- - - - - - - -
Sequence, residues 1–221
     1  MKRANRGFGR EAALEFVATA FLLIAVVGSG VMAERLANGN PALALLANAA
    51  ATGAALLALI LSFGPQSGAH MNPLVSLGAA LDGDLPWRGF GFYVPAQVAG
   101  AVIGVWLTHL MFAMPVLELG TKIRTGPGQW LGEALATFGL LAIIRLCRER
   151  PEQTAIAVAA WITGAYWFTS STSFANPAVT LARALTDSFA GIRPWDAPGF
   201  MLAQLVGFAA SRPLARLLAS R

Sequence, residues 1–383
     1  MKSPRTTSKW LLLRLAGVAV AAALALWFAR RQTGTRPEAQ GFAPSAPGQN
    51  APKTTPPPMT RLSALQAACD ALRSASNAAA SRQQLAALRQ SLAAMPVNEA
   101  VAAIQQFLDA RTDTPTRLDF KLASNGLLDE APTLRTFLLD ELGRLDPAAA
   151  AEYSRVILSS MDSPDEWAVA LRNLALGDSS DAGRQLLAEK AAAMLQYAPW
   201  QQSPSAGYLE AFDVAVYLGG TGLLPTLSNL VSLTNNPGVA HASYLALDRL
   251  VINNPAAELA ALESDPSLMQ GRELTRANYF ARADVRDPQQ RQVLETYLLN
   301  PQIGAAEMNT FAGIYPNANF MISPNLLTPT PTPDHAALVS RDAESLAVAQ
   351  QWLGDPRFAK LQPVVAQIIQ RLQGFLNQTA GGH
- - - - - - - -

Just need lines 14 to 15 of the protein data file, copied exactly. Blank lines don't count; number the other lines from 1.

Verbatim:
   301  PQIGAAEMNT FAGIYPNANF MISPNLLTPT PTPDHAALVS RDAESLAVAQ
   351  QWLGDPRFAK LQPVVAQIIQ RLQGFLNQTA GGH